Unless your doctor tells you otherwise, continue your normal diet.
Take the missed dose as soon as you remember it. However, if it is almost time for the next dose, skip the missed dose and continue your regular dosing schedule. Do not take a double dose to make up for a missed one.
Isosorbide may cause side effects. Tell your doctor if any of these symptoms or those listed in the SPECIAL PRECAUTIONS section are severe or do not go away: nausea
Some side effects can be serious. If you experience any of these symptoms, call your doctor immediately or get emergency medical treatment: worsening chest painrashhivesitchingdifficulty breathing or swallowing
Isosorbide may cause other side effects. Call your doctor if you have any unusual problems while you are using this medication.
If you experience a serious side effect, you or your doctor may send a report to the Food and Drug Administration's (FDA) MedWatch Adverse Event Reporting program online [at Web Site] or by phone [1-800-332-1088].
Keep this medication in the container it came in, tightly closed, and out of reach of children. Store it at room temperature and away from excess heat and moisture (not in the bathroom).Throw away any medication that is outdated or no longer needed. Talk to your pharmacist about the proper disposal of your medication.
In case of overdose, call your local poison control center at 1-800-222-1222. If the victim has collapsed or is not breathing, call local emergency services at 911.
Symptoms of overdose may include: headacheconfusionfeverdizzinessslow or pounding heartbeatnauseavomitingbloody diarrheafaintingshortness of breathsweatingflushingcold, clammy skinloss of ability to move the bodycoma (loss of consciousness for a period of time)seizures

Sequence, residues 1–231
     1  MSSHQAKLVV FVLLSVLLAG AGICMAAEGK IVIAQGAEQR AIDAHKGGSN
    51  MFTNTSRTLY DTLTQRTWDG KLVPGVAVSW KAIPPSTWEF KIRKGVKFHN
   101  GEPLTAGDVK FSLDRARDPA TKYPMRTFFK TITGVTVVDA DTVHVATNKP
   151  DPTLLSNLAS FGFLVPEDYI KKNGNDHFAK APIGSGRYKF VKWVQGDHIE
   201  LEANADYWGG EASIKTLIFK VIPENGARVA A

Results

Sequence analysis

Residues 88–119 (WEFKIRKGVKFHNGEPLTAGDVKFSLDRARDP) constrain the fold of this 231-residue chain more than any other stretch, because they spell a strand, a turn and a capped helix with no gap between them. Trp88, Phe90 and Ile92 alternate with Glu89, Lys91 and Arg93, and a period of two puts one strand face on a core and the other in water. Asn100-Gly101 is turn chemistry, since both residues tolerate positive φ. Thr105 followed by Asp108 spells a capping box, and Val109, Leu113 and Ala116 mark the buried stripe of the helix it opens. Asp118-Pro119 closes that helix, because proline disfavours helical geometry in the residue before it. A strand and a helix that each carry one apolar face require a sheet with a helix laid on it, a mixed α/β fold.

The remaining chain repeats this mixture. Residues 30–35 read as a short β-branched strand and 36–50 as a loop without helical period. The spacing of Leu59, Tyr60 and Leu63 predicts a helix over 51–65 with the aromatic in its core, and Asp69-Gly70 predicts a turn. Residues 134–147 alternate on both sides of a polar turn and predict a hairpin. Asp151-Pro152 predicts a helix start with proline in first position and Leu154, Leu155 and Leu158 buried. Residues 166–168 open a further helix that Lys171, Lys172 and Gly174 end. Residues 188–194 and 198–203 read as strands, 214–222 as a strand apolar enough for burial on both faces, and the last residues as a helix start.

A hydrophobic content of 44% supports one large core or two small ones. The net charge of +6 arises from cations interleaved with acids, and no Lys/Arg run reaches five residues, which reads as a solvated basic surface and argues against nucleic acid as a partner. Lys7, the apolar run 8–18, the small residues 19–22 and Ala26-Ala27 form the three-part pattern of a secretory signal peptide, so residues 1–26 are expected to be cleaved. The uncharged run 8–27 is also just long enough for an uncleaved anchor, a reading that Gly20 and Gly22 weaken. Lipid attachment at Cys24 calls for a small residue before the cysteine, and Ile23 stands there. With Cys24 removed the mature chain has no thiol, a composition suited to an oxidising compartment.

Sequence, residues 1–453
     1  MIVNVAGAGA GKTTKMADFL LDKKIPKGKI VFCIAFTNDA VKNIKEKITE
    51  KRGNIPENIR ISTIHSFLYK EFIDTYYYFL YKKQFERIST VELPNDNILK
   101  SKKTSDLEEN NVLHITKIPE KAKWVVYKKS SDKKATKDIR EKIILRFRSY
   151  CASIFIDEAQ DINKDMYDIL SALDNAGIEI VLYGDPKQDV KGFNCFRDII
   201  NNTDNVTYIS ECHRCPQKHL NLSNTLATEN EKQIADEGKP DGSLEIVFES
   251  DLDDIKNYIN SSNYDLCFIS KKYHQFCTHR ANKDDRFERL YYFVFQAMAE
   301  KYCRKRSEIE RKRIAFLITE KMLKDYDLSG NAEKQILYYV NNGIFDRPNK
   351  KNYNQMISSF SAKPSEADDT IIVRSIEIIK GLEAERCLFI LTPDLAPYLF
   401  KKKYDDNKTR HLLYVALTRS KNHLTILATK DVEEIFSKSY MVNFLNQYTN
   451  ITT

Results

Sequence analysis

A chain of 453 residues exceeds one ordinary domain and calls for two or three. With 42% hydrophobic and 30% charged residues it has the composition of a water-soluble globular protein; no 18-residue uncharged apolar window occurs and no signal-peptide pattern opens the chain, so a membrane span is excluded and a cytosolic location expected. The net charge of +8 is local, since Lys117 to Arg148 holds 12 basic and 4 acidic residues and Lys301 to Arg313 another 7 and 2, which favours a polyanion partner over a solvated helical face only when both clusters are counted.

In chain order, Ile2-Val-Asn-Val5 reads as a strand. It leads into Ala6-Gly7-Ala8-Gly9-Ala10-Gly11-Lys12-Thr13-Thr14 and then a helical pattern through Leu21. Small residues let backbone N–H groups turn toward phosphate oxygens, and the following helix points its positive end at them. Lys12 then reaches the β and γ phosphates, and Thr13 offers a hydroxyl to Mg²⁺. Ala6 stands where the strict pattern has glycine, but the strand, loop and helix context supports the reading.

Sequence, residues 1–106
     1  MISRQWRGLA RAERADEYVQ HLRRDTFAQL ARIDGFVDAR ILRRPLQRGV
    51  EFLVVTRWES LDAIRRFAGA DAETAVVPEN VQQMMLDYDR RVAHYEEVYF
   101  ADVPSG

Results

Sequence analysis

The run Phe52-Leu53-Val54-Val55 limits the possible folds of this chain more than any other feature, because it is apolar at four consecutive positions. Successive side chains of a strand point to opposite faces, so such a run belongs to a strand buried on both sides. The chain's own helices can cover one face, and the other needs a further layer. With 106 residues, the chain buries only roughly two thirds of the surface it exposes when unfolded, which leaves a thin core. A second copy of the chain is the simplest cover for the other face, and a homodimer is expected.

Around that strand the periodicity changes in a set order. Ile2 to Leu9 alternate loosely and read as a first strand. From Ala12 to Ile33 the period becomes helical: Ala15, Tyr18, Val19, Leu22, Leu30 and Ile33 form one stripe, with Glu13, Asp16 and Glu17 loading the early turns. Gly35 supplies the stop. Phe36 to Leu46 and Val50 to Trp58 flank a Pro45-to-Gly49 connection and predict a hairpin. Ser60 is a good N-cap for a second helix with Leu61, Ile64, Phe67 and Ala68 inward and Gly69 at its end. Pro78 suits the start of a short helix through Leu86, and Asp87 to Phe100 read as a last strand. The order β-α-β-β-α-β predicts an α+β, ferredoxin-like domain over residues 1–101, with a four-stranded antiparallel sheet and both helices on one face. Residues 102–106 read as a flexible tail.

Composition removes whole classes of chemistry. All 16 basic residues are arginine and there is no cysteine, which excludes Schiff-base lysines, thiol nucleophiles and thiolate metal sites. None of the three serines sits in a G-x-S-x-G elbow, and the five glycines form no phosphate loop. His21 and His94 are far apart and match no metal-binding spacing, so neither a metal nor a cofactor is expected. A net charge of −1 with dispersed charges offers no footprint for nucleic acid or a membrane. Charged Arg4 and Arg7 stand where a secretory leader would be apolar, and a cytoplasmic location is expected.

Keep all appointments with your doctor.
Do not let anyone else take your medication. Ask your pharmacist any questions you have about refilling your prescription.
It is important for you to keep a written list of all of the prescription and nonprescription (over-the-counter) medicines you are taking, as well as any products such as vitamins, minerals, or other dietary supplements. You should bring this list with you each time you visit a doctor or if you are admitted to a hospital. It is also important information to carry with you in case of emergencies.
¶This branded product is no longer on the market. Generic alternatives may be available.
AHFS® Consumer Medication Information. © Copyright, The American Society of Health-System Pharmacists, Inc., 7272 Wisconsin Avenue, Bethesda, Maryland. All Rights Reserved. Duplication for commercial use must be authorized by ASHP.
Selected Revisions: July 15, 2015.